Current conditions of global climate change, fossil fuel exhaustion, economic precarity and political unrest may be indicators that modern industrialised society is on the verge of Collapse. What will happen to digital and digitised media – files of images, text, films, television series, audio recordings, video games, and so on – in the event of Collapse? The author argues that individuals who exchange such files online via peer-to-peer protocols, who are deemed ‘pirates’ by the culture industries, are in fact amateur archivists whose personal caches of digital media will be the most likely to survive catastrophic change. Indeed, catastrophic change will not be catastrophic for all parties: Collapse may put an end to capitalism, which optimises for the rapid obsolescence of cultural commodities and combats the unpaid exchange of goods in myriad ways, thereby preventing official archives and libraries from implementing strategies for the legal preservation of digital culture.
This article explores notions of amateurism in relation to story-gathering, primary source classification, and other archival practices. Particularly, the author’s path to his role as National Collector at the Smithsonian’s Archives of American Art is traced from his familial, art historical and intellectual roots in West Texas. Arguing that cultures of West Texas place an exceptionally high value on retaining and generating stories particular to the region’s history, Franco points to examples from archaeology, Texas history, art history, and contemporary art. Substantial scholarly work has been committed to the complex relationships between professional fine artists and untrained outsiders. Franco takes methods from these explorations in order to approach the equally complex relationship between professional state-sponsored archival practices and similar endeavors undertaken by individuals and smaller, homegrown archival projects from a specific American region.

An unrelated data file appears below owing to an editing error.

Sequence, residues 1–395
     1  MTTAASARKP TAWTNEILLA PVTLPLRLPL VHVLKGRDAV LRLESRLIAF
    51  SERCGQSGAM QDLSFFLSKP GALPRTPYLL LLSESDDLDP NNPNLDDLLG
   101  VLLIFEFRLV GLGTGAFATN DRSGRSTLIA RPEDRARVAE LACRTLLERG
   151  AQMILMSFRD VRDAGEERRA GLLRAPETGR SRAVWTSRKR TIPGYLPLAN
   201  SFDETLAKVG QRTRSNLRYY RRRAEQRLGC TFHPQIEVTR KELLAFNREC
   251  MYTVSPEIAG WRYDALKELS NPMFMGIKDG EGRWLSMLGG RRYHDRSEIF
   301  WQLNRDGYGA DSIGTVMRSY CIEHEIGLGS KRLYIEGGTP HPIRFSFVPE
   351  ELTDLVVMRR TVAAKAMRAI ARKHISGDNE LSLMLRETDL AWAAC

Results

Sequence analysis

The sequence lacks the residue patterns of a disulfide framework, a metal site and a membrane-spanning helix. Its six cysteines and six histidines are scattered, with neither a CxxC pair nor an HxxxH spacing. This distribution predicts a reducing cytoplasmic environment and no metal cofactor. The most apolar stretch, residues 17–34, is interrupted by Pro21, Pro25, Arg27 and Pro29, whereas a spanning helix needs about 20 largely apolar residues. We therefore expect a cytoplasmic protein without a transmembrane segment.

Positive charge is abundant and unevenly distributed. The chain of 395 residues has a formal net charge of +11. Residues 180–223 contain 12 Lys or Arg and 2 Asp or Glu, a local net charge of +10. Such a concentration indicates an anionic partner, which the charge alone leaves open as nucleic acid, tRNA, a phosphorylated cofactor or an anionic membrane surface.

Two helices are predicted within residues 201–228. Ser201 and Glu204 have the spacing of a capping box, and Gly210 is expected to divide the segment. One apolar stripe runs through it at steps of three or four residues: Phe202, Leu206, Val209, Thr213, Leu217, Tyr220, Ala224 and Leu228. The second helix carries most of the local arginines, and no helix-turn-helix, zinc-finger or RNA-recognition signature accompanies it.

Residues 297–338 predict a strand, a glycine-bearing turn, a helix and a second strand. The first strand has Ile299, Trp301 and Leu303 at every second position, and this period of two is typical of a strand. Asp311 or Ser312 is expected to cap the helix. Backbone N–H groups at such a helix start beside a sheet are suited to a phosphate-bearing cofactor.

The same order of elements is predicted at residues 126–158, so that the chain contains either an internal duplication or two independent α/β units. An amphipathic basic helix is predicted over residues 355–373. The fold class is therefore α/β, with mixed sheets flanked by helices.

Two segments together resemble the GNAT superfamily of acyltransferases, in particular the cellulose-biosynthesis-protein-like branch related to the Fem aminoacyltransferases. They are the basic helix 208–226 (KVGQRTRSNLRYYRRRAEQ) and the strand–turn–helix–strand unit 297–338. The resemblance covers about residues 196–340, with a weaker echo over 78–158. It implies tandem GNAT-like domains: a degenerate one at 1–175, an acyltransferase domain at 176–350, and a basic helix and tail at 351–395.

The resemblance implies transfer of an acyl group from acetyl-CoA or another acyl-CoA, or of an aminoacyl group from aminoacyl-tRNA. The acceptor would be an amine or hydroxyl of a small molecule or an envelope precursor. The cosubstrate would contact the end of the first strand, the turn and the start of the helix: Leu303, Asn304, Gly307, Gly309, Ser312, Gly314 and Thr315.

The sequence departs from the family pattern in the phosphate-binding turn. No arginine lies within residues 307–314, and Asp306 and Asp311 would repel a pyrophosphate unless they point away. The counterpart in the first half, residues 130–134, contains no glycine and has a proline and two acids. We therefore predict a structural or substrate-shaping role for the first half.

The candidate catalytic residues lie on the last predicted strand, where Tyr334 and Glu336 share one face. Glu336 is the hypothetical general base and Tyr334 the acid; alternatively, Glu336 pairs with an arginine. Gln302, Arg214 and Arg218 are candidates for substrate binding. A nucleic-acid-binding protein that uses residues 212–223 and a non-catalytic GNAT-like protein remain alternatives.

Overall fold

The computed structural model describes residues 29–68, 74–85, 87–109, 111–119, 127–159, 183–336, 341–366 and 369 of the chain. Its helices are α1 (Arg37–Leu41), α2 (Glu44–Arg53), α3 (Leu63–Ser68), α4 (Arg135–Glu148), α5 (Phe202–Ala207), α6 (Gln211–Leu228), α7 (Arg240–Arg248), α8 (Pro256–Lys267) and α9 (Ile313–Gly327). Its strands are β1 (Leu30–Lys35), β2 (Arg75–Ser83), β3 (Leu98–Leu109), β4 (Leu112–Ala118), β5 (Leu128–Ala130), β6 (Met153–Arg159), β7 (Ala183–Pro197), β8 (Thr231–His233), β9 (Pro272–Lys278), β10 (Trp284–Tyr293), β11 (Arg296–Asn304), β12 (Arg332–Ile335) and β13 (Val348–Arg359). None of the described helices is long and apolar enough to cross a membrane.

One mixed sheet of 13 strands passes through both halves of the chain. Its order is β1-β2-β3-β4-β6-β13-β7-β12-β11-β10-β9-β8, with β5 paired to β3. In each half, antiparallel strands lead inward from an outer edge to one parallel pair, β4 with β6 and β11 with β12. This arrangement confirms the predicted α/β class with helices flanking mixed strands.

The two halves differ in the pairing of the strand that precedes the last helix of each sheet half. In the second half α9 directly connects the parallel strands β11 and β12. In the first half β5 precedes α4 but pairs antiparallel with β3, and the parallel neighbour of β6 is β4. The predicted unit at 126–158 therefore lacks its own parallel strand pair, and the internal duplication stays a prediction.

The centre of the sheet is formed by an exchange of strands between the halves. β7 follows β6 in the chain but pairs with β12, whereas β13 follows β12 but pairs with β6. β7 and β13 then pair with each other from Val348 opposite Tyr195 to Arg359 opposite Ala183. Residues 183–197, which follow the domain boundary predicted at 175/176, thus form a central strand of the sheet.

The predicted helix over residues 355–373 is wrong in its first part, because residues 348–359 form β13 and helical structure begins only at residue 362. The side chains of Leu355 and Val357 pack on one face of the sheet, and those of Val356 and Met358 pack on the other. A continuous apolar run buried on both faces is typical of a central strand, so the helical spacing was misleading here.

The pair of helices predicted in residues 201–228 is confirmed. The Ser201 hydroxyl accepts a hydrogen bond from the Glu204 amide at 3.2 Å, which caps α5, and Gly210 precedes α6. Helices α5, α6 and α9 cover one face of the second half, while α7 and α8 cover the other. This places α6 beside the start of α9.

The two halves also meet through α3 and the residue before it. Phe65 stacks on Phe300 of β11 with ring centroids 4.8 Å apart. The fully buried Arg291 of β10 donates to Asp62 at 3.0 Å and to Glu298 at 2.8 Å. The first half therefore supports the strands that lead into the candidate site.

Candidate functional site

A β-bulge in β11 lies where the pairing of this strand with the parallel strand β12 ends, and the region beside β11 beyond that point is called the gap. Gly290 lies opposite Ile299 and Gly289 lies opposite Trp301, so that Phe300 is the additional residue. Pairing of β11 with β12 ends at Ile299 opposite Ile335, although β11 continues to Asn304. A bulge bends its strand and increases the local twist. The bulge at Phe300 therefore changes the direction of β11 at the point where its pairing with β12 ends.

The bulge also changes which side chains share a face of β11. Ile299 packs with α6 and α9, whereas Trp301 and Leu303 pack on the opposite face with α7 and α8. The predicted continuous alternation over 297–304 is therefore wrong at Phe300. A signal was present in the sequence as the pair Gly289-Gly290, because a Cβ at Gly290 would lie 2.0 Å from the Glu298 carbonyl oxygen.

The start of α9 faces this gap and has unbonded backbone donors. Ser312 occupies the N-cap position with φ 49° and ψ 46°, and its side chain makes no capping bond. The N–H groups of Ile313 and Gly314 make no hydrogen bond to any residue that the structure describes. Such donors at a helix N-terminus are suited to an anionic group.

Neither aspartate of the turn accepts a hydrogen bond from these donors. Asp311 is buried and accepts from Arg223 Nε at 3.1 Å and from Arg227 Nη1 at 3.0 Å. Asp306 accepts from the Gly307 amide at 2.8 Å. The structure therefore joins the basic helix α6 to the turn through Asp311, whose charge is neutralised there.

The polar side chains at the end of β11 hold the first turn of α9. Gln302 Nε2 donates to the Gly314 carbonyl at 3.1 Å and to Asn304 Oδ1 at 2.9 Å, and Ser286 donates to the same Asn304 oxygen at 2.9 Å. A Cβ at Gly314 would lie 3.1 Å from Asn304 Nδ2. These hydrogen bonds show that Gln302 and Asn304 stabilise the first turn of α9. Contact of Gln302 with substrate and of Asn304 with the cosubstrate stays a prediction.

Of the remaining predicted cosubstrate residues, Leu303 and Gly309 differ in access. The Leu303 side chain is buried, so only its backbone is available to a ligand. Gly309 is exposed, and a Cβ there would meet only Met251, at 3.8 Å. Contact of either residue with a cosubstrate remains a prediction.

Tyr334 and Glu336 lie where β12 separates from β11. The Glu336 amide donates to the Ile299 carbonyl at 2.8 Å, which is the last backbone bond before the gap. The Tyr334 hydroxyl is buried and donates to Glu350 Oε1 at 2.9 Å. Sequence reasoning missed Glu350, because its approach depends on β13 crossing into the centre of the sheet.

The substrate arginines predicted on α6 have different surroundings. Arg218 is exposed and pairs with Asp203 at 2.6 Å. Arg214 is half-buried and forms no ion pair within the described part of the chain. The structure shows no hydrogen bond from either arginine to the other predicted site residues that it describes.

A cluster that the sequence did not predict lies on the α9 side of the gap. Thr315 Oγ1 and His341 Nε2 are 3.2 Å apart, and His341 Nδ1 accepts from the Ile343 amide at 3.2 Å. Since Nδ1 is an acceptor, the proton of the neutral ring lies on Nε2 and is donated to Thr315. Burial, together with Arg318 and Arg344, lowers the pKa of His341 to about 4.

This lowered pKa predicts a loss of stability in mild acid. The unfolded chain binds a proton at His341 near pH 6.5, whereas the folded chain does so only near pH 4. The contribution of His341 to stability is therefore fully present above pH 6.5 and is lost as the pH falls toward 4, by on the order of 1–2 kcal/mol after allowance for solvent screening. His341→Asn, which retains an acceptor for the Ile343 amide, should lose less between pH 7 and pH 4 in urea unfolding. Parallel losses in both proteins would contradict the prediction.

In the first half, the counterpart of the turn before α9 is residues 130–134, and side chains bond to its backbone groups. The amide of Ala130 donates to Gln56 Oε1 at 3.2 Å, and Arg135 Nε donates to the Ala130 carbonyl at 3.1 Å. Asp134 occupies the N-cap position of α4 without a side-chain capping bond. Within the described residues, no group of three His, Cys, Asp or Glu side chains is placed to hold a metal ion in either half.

In Latin America and the Caribbean, the historical audiovisual and audio-recorded ethnomusicological archive is being recycled under different political and aesthetic imperatives. Indigenous and Afrodescendant peoples reappropriate and transform the archive through strategic decolonising practices that recast the political and aesthetic conditions of audibility for which ethnographic sounds were originally produced. In colonial and postcolonial settings, the distinction between the colonisers and the colonised in terms of their knowledge about sound is not between amateurs and professionals. Rather, the political invention of rationality as a key to professional labour simply deems the knowledge of sounds by the colonised irrelevant, irrational or non-existent. This article explores the contemporary intensification of the labour of recycling sound archives as decolonial strategy, where so-called non-professionals often work at the techniques of sound design necessary for the reappropriation of the sound archive. This is often lived as an amorous process of reinstating the audibility of such sounds into the designs of life.
Focused on modern and contemporary Iranian visual culture, this article traces the shifts from an institutionalised high art ethos under the Pahlavi dynasty to a hegemonic, yet populist-amateur cultural environment after the Iranian Revolution of 1979. By raising questions about the (dis)position of populism, amateurism and people-made art in the streets, cemeteries and public parks of the Islamic Republic, it proposes that, however defined and labelled, contemporary Iranian art cannot be properly understood without addressing the art historical and dialectic co-dependence of street kitsch and closeted avant-garde. In Iran, subversive art can hardly be grasped without the beauty of fake flowers.